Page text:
Chevron says Gavin Newsom’s California is increasingly hostile to fuel makers and has ‘worsened’ the state’s gasoline market

by NEW YORK DIGITAL NEWS



Chevron is slashing oil-refinery investments in California because of “adversarial” policies toward fossil fuels, a move that may boost what already are the highest pump prices in the nation. 

The oil giant headquartered in the San Francisco Bay area has cut spending in the Golden State by “hundreds of millions of dollars since 2022,” according to comments filed with the California Energy Commission this week. Chevron is a key supplier of jet fuel to the San Francisco and Los Angeles airports.  

The comments come as California lawmakers consider limiting the profits in-state refiners can reap. The most-populous US state already has the nation’s toughest fuel standards as well as a carbon cap-and-trade program that critics say forces consumers to pay more at the pump.

“California’s policies have made it a difficult place to invest so we have rejected capital projects in the state,” Andy Walz, president of Chevron’s Americas Products business, wrote in the filing. “Such capital flight reflects the state’s inadequate returns and adversarial business climate.”

As recently as September, Governor Gavin Newsom accused the oil industry of lying about climate change, and the state has sued Chevron and other companies for reaping excessive profits at the expense of residents and the environment. Chevron rejected those claims, saying that halting climate change requires a global policy response rather than lawsuits.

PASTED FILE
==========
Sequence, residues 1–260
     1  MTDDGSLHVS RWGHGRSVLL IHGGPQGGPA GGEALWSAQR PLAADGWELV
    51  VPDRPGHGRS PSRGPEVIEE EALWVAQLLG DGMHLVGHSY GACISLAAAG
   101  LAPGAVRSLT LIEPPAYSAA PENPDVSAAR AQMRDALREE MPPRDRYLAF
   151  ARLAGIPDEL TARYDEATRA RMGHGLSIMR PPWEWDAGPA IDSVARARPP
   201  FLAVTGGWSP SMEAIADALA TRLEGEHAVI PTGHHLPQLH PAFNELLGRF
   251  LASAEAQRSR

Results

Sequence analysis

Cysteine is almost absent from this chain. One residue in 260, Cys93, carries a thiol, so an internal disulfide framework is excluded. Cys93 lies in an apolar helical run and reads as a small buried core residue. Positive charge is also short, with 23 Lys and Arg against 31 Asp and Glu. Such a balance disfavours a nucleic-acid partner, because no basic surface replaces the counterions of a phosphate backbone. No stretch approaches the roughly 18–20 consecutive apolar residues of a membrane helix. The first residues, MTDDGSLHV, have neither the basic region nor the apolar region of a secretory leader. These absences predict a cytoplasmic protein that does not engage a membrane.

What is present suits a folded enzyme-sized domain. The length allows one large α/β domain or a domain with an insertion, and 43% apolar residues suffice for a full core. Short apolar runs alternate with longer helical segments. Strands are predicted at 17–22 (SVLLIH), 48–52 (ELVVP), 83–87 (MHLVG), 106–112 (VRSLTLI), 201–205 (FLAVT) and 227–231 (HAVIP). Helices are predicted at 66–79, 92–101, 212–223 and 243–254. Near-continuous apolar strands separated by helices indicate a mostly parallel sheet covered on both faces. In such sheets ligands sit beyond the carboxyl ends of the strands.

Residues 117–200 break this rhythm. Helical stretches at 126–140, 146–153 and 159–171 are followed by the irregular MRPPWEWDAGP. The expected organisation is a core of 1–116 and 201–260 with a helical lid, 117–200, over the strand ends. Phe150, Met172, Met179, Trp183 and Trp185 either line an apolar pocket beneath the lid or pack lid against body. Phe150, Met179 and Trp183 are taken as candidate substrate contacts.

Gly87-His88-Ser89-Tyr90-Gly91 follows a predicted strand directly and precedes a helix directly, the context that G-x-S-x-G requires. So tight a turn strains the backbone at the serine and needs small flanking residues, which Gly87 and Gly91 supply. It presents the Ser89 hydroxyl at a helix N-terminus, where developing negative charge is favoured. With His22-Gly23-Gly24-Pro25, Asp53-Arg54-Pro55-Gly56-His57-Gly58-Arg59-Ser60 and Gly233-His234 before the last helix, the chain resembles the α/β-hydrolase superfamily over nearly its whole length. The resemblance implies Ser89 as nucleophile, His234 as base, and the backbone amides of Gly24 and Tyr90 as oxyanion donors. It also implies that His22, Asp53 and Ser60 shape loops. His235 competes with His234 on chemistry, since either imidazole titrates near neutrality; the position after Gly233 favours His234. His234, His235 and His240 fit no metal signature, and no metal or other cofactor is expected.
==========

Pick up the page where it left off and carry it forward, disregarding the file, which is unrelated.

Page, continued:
The governor’s office didn’t immediately respond to a request for comment for this story. 

Newsom last year announced a plan for California to reduce climate-damaging emissions 85% by 2045 and cut gasoline demand by 94% during the same time frame. On some levels it’s doing well. The state has the highest electric-vehicle adoption rate in the country and its conventional diesel demand has fallen by half since 2016 amid rising production of low-carbon alternatives such as renewable diesel and biodiesel. 

But California is still the country’s largest consumer of jet fuel, for which there’s currently no practical low-carbon alternative, and the second-largest user of gasoline. The state’s pump prices are typically the highest in the country, this year averaging 35% above the nationwide average, according to data compiled by Bloomberg. 

Refining capacity has shrunk in California in recent years, partly due to some facilities converting to renewable diesel, and partly due to the outlook for fuel demand. But Chevron believes the state’s policies and business environment are also playing a major role. 

Punitive rules that restrict investment have “severely limited refiners’ ability to react to higher prices,” Walz said. “California’s policies not only have neglected to respond to the increasing supply-and-demand imbalances — they have worsened them.”

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